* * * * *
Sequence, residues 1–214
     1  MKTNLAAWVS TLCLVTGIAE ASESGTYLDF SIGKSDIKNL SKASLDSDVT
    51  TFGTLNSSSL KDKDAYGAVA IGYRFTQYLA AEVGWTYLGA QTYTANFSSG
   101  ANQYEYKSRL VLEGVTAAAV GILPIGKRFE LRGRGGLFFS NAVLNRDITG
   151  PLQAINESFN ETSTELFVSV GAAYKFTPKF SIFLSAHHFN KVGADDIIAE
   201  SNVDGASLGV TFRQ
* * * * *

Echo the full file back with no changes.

Sequence, residues 1–214
     1  MKTNLAAWVS TLCLVTGIAE ASESGTYLDF SIGKSDIKNL SKASLDSDVT
    51  TFGTLNSSSL KDKDAYGAVA IGYRFTQYLA AEVGWTYLGA QTYTANFSSG
   101  ANQYEYKSRL VLEGVTAAAV GILPIGKRFE LRGRGGLFFS NAVLNRDITG
   151  PLQAINESFN ETSTELFVSV GAAYKFTPKF SIFLSAHHFN KVGADDIIAE
   201  SNVDGASLGV TFRQ